Avian malaria is a re-emerging threat to avian species worldwide. It is sustained by several protozoan species belonging to the genus Plasmodium, mainly Plasmodium relictum. The even wider diffusion of the disease, probably because of the increase in the areas covered by their mosquito vectors, may pose new risks for avian species lacking natural resistance (especially those from artic or sub-artic environments) or those hosted in structures like zoos and wildlife rescue centers. With that premise, this study describes the efficacy and safety of a therapeutic protocol to treat avian malaria in three snowy owls (Bubo scandiacus) hosted in a wildlife rescue center in Apulia, south of Italy, and affected by avian malaria by P. relictum. The protocol consisted of administering 10/4 mg/kg atovaquone/proguanil per os once a day for three consecutive days, repeating this seven days later. Seven days after the end of the treatment, P. relictum was not detected in the birds' blood and no adverse effects were observed during the 60 days of monitoring after the end of the treatment. Therefore, a therapeutic regimen of 10/4 mg/kg/day may be considered safe and effective in a valuable and endangered species such as B. scandiacus.

A safe and effective atovaquone-proguanil therapeutic protocol for the treatment of avian Malaria by Plasmodium relictum in snowy owl (Bubo scandiacus)

Nicola Pugliese
;
Rossella Samarelli;Roberto Lombardi;Antonella Schiavone;Giuseppe Crescenzo;Elena Circella;Claudia Zizzadoro;Olimpia Lai;Michela Prioletti;Antonio Camarda
2023-01-01

Abstract

Avian malaria is a re-emerging threat to avian species worldwide. It is sustained by several protozoan species belonging to the genus Plasmodium, mainly Plasmodium relictum. The even wider diffusion of the disease, probably because of the increase in the areas covered by their mosquito vectors, may pose new risks for avian species lacking natural resistance (especially those from artic or sub-artic environments) or those hosted in structures like zoos and wildlife rescue centers. With that premise, this study describes the efficacy and safety of a therapeutic protocol to treat avian malaria in three snowy owls (Bubo scandiacus) hosted in a wildlife rescue center in Apulia, south of Italy, and affected by avian malaria by P. relictum. The protocol consisted of administering 10/4 mg/kg atovaquone/proguanil per os once a day for three consecutive days, repeating this seven days later. Seven days after the end of the treatment, P. relictum was not detected in the birds' blood and no adverse effects were observed during the 60 days of monitoring after the end of the treatment. Therefore, a therapeutic regimen of 10/4 mg/kg/day may be considered safe and effective in a valuable and endangered species such as B. scandiacus.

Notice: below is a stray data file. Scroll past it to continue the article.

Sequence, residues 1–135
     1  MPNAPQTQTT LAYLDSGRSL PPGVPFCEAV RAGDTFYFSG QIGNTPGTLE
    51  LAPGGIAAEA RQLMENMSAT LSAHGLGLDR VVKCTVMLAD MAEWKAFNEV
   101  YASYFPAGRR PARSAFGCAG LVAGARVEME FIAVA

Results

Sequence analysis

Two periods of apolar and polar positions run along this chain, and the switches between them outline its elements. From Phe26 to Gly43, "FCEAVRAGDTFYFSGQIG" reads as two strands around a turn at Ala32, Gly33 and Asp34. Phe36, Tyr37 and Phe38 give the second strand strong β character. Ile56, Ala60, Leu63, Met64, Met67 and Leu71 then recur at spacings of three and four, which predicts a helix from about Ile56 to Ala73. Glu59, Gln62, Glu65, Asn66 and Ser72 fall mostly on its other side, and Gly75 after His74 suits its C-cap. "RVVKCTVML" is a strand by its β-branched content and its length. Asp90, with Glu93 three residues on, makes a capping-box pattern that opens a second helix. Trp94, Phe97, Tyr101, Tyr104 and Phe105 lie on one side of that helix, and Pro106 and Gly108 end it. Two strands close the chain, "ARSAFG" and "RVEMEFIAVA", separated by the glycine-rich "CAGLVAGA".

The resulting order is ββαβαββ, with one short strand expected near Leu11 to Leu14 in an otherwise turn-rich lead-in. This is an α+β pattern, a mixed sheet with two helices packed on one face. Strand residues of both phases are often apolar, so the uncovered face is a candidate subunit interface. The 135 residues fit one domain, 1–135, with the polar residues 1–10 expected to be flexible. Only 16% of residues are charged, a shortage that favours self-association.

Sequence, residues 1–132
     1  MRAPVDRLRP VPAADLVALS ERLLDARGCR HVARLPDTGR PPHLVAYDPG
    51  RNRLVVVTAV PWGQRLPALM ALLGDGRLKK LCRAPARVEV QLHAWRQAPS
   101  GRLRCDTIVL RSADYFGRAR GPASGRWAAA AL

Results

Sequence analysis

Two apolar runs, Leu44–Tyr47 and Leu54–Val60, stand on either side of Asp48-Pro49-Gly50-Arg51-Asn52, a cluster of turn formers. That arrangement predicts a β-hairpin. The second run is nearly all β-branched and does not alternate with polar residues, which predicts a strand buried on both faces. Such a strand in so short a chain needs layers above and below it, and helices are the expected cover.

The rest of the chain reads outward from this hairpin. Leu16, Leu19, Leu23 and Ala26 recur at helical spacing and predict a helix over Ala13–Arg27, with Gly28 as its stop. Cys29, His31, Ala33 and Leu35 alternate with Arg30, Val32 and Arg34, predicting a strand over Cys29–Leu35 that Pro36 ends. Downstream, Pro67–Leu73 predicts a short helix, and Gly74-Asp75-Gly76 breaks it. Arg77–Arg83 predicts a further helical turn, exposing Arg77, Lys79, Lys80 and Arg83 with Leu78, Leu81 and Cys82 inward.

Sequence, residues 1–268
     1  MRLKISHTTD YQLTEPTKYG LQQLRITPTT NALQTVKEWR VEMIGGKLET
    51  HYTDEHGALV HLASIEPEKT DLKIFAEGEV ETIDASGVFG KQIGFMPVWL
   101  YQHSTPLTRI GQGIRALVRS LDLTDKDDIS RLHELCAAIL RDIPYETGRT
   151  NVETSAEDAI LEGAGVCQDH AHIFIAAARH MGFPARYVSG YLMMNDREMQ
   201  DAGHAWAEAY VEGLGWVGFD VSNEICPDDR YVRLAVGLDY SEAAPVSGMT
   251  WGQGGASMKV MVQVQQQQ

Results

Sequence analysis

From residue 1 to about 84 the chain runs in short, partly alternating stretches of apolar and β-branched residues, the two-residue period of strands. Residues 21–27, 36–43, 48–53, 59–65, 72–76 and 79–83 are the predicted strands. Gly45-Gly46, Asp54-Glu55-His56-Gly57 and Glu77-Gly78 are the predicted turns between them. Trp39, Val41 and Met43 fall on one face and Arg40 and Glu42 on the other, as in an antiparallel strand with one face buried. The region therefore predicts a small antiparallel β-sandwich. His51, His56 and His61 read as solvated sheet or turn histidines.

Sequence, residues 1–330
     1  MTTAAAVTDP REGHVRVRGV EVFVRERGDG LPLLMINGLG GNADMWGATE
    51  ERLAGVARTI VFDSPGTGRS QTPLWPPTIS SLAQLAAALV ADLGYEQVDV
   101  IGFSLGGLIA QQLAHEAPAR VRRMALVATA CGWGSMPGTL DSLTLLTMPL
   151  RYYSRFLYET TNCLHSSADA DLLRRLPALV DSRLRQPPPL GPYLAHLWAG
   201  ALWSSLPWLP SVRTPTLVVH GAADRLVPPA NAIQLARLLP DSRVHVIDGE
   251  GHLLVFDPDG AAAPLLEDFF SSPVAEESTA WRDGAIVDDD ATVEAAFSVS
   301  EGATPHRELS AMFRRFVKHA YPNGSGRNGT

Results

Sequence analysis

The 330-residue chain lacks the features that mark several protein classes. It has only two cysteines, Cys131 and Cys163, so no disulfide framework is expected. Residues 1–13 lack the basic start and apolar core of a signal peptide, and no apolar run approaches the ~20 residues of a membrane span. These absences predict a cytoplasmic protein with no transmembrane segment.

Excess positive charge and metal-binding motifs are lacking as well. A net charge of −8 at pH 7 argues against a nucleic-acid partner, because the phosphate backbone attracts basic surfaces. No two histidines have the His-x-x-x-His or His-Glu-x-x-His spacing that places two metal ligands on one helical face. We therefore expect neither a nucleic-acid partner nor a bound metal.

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Utilizza questo identificativo per citare o creare un link a questo documento: https://hdl.handle.net/11586/453782
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